The Military Association of Atheists & Freethinkers helps to affirm the values of atheists and humanists in the military, help individuals to develop stronger personal values, and to build a supportive network of atheists in foxholes. This is a goal of positive outreach, but it cannot be successful without pointing out violations and lack of respect that marginalize and ostracize nontheists in the military. The greatest concern MAAF has is the light-of-day violations, which are violations that occur without even a concern that there is an issue. To the extent these go on with no response or even acknowledgement of the damage done to the culture of respect in the military, then atheists and humanists are unlikely to feel like military leaders will afford them equal opportunity in the military.

MAAF encourages service members to report problems both to MAAF and to their local chain of command. These can be resolved sometimes by simple identification of the problem, and sometimes by formal complaints within the military structure. Organizations like the Military Religious Freedom Foundation and the Secular Coalition for America are partners MAAF works with for more serious issues requiring media, legal, and/or Congressional oversight. The issues below constitute a subset of the ongoing issues MAAF is concerned about, along with the ongoing actions MAAF and other organizations are taking to establish equal opportunity for nontheists in the military.

Also see a number of advocacy and outreach activities MAAF has taken to resolve the issues below. MAAF is uniquely positioned to represent the nontheist and humanist perspective to the military in training and cultural reforms. Below are selections of solutions MAAF has provided to show the military what right looks like and to bring solutions to military and civilian leadership.

Watch List for Selected Issues

  • Command promotion and endorsement of religion includes the following and discriminates against atheists and often implies command endorsement of Christianity.
    • Daily prayer at the US Naval Academy
    • Shipboard prayer nightly on most US Navy vessels
    • Ceremonial prayer at many mandatory military formations and activities
    • Religious unit mottos and logos. In response to pressure from MAAF, the Air Force Rapid Capabilities Office recently changed from “Doing God’s Work With Other People’s Money” to “Doing Miracles with Other People’s Money.” This is thinly-veiled religious speech, but certainly an improvement. There are at least 30 other  questionable mottos on the Heraldry site.
    • Bibles, though not funded by government money, are regularly printed with unit logos, including Special Forces, thus giving evidence to Muslims insurgents recruiting to fight against a Christian holy war. MRFF has had success in removing Bible logo authorizations for one publisher.
    • Christian concerts and events are given strong chaplain and command promotion unavailable to other sectarian or even secular events.
    • Spiritual Fitness centers are major, multi-million dollar facilities that are labelled as “multi-faith” but have strong bias to Christianity.
  • Religious displays on government land:
    • Ongoing repurposing of Christian shrines as ‘war memorials’ effectively co-opting military service to promote Christianity above American diversity and liberty. Examples are in California, North Carolina, Montana, Utah, Maryland, Illinois, Rhode Island, and elsewhere – throughout the nation.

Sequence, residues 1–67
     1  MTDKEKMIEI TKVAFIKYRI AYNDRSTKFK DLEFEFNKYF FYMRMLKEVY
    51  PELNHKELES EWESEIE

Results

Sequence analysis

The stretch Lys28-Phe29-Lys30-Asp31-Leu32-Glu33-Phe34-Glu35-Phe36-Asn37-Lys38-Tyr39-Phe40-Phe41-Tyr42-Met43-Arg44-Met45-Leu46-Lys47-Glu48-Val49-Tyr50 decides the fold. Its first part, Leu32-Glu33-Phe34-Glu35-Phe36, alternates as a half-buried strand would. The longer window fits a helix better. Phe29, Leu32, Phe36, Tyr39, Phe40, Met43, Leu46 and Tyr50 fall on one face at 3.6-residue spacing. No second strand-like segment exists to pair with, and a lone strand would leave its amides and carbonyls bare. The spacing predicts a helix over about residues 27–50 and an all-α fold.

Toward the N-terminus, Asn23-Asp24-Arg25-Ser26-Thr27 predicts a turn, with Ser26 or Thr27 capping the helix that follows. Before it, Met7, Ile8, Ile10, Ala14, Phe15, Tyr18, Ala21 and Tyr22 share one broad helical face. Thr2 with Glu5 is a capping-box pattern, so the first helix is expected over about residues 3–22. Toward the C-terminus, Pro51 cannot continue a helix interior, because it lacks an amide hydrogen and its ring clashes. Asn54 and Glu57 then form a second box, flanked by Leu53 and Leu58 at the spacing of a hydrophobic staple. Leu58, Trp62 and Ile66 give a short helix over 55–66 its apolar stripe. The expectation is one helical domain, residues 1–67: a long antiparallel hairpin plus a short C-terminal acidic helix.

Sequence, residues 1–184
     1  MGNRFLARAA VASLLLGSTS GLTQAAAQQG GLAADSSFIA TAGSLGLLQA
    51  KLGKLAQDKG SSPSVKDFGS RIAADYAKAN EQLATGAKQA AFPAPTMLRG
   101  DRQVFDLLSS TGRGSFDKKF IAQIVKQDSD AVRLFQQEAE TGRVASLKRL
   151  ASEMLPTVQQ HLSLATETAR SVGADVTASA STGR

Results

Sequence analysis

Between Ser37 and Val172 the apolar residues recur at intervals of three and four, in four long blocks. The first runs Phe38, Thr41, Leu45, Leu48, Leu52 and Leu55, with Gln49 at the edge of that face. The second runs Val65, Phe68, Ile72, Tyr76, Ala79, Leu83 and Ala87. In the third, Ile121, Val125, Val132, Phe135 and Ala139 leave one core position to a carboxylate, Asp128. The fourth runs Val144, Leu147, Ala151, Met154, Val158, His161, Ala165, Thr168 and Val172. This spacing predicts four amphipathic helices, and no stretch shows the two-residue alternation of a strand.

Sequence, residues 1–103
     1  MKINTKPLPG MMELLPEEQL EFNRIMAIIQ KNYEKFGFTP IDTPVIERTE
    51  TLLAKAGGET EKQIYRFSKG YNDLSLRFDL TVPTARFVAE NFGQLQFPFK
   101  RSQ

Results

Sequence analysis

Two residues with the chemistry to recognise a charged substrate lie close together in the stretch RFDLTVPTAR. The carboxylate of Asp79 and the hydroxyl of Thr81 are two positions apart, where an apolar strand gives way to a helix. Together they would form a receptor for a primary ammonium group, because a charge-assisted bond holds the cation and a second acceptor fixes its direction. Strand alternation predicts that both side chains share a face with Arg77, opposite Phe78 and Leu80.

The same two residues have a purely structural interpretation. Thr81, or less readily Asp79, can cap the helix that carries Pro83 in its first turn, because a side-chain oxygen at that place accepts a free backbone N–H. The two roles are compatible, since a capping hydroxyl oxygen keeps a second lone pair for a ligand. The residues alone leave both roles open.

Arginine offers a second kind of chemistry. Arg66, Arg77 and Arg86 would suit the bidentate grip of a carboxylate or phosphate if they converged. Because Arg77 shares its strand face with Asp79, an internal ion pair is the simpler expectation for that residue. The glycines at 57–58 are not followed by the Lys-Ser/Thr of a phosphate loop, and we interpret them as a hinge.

• Soledad Easter Cross attempted by defended with veteran memorial scheme blocked by federal appeals court. The court called the 30-foot cross unconstitutional but did not order its removal, effectively making no decision at all and pushing the case to the supreme court. The cross was originally put up as an Easter Cross in 1913 and veteran’s pictures were added after suit was brought challenging the constitutionality of a Christian monument on government land. Veterans have been co-opted to defend special Christian privileges in the Summum, Mojave cross, Camp Pendleton cross, Utah troopers and other cases as well (also listed).
  • Disparagement of atheists in foxholes [ongoing]: Chaplain Report – There is a common statement, “There are no atheists in foxholes.” This statement is not only untrue, it is discriminatory towards atheist service members. Chaplains of all services have perpetuated this prejudice by making statements to the effect that there can be no atheists in wartime.
    • View a list of chaplains. To be clear, this list has room for chaplains to be listed in a positive way too, and MAAF will add both sides and hopefully at one point, the report will be overwhelmingly positive. Chaplains who state that there are no atheists in foxholes are committing an injustice no less than if they had said no Muslim is an American. MAAF is asking that senior chaplains publish an official condemnation of this practice. You may contact chaplains at the locations below. Also consider alternate secular counseling. If you are having issues with your chaplain, contact MAAF or refer to our FAQ regarding harassment.
    • View a media list
  • Military Academy culture: US Air Force Academy collaboration and training has been positive recently, with resolution of issues, training development, plans for improvement, and the active USAFA Freethinkers. previous updates: Clebe McClary evangelical event, Feb 2011Nov 2010 Religious Respect Conference, Nov 2010
  • Religious Counseling and Spiritual Fitness: The military has begun a disturbing trend of mixing religious counseling into deployment, marriage, suicide, and personal counseling sessions. While there may be a benefit in addressing the “spiritual” needs of some service members, these programs go too far. Spirituality is given a core role in programs while those without a “spiritual” viewpoint are marginalized as “unfit.” Spiritual Fitness as well as MAAF’s outreach is covered in-depth on the MAAF spirituality page.
    • The Army’s new assessment of spirituality fails to assess what it intends, and rather excludes and belittles nontheists with a religious test. This is one symptom of an overall effort throughout the military to assess and encourage spirituality as a required part of character and leadership development in all branches of service, the DoD, the VA, and related medical activities. (Also see religious branding)
    • Strong Bonds spiritual fitness program receives millions and uses the New Testament and Christian textbooks in place of proven secular counseling. This is a primary marriage counseling program featured on the front page of the Army chaplain website.